Status quo: why anti-corruption reforms are needed
Earlier this month, citizens in Panama elected Laurentino Cortizo as their new president. He will assume office on 1 July, at a time when the need for anti-corruption reform in the country is more urgent than ever. Panama scores below the regional average on the latest Corruption Perceptions Index (CPI) and has been engulfed in various corruption scandals in recent years, including the Odebrecht bribery scheme, wiretapping by former president Martinelli and, of course, the ‘Panama Papers’.
The Panama Papers revealed the role of a number of Panamanian law firms in hiding wealth, often of murky origins, for the global rich and powerful — while vast parts of its own population, especially in rural areas, continue to live in poverty. Transparency International’s chapter in Panama has been working hard to keep anti-corruption on the agenda, before, during, and after the elections.
Time to act
To fix this, the most important step that needs to be taken is the passing of proper anti-corruption legislation. Transparency International Panama (TI Panama) has carried out assessments of state institutions and worked together with legislators. Based on this, it has compiled a list of necessary legislative reforms, including laws on public contracting, conflicts of interest, whistleblower protection, asset declaration for public officials, as well as anti-bribery laws for the private sector. Especially in the building and construction sector, rigged contracts and other forms of corruption are a widespread problem.
Strengthening legislation and rule of law
Citizens’ faith in democratic institutions can only be restored by taking strong anti-corruption measures and following through on promises. Political leaders need to commit to concrete steps against corruption. Four months ahead of the general elections, TI Panama launched “Reto Transparencia”, the Transparency Challenge, a list of anti-corruption commitments across five areas:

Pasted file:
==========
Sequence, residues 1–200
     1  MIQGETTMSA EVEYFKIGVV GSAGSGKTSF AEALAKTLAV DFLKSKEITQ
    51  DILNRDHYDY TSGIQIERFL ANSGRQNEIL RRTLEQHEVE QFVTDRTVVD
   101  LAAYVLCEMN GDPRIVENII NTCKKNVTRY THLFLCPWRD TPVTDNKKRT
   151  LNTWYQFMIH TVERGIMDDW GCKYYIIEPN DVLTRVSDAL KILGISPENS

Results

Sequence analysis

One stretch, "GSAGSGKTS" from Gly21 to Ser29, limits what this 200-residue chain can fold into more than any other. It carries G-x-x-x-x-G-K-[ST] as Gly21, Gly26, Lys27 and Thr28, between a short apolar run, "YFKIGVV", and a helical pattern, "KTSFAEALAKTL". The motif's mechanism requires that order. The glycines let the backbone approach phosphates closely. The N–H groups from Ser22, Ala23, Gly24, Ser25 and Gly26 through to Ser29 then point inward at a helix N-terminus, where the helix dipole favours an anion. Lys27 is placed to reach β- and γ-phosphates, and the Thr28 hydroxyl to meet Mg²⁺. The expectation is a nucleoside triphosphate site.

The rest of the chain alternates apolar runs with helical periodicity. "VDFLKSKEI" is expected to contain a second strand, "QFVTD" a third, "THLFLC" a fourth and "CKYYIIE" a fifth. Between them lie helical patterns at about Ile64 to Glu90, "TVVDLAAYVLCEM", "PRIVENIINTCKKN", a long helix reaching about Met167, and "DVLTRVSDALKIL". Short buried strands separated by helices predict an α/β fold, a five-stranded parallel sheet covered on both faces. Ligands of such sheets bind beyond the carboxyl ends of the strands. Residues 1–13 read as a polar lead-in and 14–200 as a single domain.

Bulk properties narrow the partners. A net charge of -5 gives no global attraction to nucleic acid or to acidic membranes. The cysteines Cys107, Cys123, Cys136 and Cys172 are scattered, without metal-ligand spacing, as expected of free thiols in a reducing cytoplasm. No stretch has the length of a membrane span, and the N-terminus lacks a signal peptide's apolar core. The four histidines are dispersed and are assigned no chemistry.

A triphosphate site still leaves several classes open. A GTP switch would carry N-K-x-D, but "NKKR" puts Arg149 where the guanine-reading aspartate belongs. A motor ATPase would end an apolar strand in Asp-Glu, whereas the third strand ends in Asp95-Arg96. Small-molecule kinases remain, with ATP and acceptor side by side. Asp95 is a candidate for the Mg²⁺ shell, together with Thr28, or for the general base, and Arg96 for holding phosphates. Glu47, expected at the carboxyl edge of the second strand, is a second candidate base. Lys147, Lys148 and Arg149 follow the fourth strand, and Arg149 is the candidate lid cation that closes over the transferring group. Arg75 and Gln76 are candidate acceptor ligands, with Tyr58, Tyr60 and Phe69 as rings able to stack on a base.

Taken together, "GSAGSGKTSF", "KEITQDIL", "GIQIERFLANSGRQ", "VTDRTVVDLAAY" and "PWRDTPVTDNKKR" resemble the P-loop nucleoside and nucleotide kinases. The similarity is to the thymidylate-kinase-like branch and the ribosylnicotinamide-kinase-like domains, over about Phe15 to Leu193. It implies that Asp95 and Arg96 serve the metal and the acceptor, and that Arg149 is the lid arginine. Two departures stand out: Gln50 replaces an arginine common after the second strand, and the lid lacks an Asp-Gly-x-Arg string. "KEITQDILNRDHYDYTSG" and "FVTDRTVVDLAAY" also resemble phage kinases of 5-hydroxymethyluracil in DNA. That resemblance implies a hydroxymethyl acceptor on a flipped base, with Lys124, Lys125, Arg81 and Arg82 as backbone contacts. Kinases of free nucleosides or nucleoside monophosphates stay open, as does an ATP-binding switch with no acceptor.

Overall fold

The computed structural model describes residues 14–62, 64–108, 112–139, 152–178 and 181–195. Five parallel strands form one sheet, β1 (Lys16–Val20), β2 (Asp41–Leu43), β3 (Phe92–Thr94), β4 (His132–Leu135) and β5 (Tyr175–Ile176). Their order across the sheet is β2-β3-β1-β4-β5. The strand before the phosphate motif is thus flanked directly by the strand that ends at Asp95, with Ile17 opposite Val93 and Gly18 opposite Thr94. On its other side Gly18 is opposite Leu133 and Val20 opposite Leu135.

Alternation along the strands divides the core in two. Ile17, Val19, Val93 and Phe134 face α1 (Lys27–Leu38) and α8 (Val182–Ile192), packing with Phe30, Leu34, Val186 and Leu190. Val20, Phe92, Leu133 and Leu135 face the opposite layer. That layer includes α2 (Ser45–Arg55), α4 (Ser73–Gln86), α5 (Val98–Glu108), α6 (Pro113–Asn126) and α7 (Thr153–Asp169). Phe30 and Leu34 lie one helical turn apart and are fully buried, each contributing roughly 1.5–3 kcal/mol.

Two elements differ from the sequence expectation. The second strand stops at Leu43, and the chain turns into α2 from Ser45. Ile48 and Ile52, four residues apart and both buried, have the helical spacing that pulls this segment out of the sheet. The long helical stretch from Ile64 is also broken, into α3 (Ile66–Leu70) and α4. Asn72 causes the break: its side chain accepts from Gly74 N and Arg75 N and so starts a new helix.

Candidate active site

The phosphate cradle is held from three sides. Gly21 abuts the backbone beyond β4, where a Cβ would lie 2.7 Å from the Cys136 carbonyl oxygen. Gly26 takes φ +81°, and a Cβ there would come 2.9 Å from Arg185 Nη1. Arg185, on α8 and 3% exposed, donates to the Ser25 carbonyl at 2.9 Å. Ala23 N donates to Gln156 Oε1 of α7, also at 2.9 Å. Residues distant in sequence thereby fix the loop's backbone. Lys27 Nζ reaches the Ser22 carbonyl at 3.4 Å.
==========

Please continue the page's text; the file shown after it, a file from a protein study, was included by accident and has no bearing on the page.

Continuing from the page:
- Anti-corruption legislation
- Transparency and accountability
- Public contracts
- Access to information, open governments and open data
All major Presidential candidates committed to the recommendations on this list, including President Cortizo. It is now up to his administration to deliver on these commitments.
Mr. Cortizo has promised a constitutional amendment correcting the balance of power between the three branches of government, which would be a welcomed step. A proper separation of powers and parliamentary control mechanisms form the backbone of a healthy democracy and are key to preventing corruption from undermining it. TI Panama participated, as representatives of pro-democracy CSOs in the Consejo de la Concertación Nacional, the National Agreement Council, to negotiate and craft a constitutional reform package, which was concluded on Monday June 10thand will be presented to president-elect Cortizo next week.
The new administration has a window of opportunity, and must seize it to create change for the better.
This blog post is the first of a series of blogs written by Libertad Ciudadana, Transparency International’s chapter in Panama, highlighting their anti-corruption work around this year’s elections.
It is based on the assessment done via the Justice and Law Enforcement Accountability Dashboard (JustLead), developed under the CRIMJUST project that is being implemented by Transparency International chapters in 9 countries. Funding from the European Union Cocaine Route Programme under the CRIMJUST project supports tool implementation in Colombia, Dominican Republic, Ghana and Panama. Funding from Global Affairs Canada under the IMPACT project supports tool implementation in Honduras, Guatemala, Nigeria, Peru and Venezuela.
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